Effective Alternatives to Physical Punishment
There exist a variety of programs and alternatives which provide parents with a greater understanding of their children's development, present strategies which can lead to less violent behavior in children and adults, and decrease the frustration and helplessness in parents which often leads to physical punishment.
One of the most useful ways to achieve healthy child development is to promote words instead of actions. As Anny Katan eloquently summarized: "If a child would verbalize his feelings, he would learn to delay action." Increasing the child's capacity to put words to feelings and actions results in increased tension regulation, self-awareness, and thoughtful decision-making. This process can be accomplished by:
- Talk and use words instead of actions—speak rather than hit. Talk with the child about what behaviors are acceptable or not, what is safe or dangerous, and why.
- Listen to the child—find out why he/she did or did not do something.
- Explain your reasons; this will enhance the child's decision-making capacities.
- The word "discipline" comes from the Latin word for "teaching" or "learning." Children's behaviors have meaning, and behaviors are directly connected to inner feelings. Thus, discipline is a process that addresses behaviors and the feelings which cause them.
- Help the child label his or her feelings with words as early as possible. The nine inborn feelings (interest, enjoyment, surprise, distress, anger, fear, shame, disgust, and dissmell) should be labeled with words. This will facilitate tension regulation and aid the transition to more mature ways of handling emotion.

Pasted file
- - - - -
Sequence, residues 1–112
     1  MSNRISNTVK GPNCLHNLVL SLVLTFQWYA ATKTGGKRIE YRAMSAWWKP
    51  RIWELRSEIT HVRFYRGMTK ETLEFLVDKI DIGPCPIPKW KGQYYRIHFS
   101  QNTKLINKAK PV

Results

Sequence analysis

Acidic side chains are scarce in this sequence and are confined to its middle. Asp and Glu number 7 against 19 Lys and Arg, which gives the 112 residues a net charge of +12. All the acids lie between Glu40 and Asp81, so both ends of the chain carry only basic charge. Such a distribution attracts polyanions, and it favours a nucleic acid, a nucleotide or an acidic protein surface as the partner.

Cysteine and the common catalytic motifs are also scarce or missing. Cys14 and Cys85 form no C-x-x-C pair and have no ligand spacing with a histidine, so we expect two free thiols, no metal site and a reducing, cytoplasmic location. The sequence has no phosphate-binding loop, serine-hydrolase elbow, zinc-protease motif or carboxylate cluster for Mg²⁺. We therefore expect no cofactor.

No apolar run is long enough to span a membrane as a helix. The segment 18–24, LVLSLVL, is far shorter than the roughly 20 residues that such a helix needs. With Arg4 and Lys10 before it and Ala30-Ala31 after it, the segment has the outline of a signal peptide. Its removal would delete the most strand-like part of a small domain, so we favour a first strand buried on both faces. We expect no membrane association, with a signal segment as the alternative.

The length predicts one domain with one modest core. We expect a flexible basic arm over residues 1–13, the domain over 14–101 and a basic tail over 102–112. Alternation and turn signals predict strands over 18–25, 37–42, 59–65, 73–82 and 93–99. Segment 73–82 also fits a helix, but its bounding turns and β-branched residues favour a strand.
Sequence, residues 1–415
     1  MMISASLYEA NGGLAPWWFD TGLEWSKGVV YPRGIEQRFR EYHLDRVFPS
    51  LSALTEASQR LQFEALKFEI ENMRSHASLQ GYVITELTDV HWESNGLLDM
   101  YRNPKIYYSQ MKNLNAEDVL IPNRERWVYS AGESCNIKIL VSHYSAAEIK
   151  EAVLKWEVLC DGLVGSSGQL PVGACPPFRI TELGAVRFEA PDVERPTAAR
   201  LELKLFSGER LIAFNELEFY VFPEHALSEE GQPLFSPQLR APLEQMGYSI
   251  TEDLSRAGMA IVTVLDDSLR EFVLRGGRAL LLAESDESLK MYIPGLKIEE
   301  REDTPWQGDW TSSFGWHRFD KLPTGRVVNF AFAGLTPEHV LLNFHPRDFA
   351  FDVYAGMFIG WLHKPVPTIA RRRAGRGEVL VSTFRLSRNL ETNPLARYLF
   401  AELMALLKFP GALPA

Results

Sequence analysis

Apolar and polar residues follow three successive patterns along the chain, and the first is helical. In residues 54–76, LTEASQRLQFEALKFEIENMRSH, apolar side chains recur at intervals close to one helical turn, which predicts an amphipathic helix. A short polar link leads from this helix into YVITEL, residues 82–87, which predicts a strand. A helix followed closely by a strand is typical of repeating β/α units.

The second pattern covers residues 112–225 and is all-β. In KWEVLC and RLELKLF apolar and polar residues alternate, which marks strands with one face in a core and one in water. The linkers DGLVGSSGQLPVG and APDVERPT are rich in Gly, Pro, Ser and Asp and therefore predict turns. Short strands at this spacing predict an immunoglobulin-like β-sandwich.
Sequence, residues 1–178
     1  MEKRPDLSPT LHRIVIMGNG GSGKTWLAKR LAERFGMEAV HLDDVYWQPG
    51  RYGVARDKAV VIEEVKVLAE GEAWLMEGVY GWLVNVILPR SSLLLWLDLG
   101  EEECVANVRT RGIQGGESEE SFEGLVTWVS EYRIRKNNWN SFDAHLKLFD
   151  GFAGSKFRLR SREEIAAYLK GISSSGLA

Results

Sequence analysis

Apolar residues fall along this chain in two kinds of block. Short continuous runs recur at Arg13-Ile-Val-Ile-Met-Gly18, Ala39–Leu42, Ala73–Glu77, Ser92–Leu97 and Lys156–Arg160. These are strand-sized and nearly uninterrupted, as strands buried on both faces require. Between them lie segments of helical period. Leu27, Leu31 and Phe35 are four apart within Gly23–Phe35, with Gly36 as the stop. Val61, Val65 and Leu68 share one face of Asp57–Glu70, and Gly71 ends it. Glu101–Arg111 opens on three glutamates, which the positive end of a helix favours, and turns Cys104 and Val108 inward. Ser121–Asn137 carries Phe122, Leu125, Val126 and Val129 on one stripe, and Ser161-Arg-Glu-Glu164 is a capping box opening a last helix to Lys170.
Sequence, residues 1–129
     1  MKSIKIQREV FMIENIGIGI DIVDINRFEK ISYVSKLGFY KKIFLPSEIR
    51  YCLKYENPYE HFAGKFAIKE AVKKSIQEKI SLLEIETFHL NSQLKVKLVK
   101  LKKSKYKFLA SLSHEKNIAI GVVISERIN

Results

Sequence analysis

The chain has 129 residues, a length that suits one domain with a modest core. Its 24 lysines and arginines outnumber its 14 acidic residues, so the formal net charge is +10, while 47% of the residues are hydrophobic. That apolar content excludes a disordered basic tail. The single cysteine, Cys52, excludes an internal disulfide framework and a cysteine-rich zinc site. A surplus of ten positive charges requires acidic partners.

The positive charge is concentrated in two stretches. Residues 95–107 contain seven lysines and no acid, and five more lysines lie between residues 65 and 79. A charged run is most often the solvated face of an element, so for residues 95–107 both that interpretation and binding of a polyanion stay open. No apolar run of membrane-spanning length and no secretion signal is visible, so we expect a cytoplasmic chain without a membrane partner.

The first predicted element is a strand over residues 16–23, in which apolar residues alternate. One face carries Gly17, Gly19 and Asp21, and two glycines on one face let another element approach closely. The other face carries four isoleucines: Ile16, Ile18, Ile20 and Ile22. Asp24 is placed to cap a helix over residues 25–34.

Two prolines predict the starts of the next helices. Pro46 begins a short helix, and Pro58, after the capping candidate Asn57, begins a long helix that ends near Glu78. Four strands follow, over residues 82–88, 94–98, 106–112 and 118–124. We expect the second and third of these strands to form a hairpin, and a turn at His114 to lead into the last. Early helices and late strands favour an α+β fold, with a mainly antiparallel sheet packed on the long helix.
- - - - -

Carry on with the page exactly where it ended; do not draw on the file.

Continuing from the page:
- Positive reinforcement—rewards and praise—will enhance the child's self-esteem when appropriate standards are met. Positive reinforcement is more effective in obtaining long-term behavioral compliance than frightening and shaming punishments.
- Set a good example for the child. The child wants to be like the parents. Children identify with their parents, and they will put feelings and actions into words when they see their parents doing this. Who the parents are, and how they behave, will have a profound impact on the development of their children. Your child will follow your lead.
The American Academy of Pediatrics and the American Psychoanalytic Association are among many national and international organizations that have comprehensive position statements calling for a ban on physical punishment and describing effective alternatives.
The American Academy of Pediatrics concludes: "Corporal punishment is of limited effectiveness and has potentially deleterious side effects. The American Academy of Pediatrics recommends that parents be encouraged and assisted in the development of methods other than spanking for managing undesired behavior."
From a public health perspective, three issues are crucial to decreasing physical punishment: education (about infant and child development); legislation (to aid parents who are at risk and to protect the children); and continued research (especially on the alternatives).
A concerted effort to decrease smoking in the United States was begun in the 1960s, with the result that the prevalence of smoking has been cut in half. We need a similar public health initiative to do the same with physical punishment.
Public health goals of preventing problems and enhancing potential are ideally suited to dealing with the dilemma of the physical punishment of children. If we truly want a less violent society, not hitting our children is a good place to start.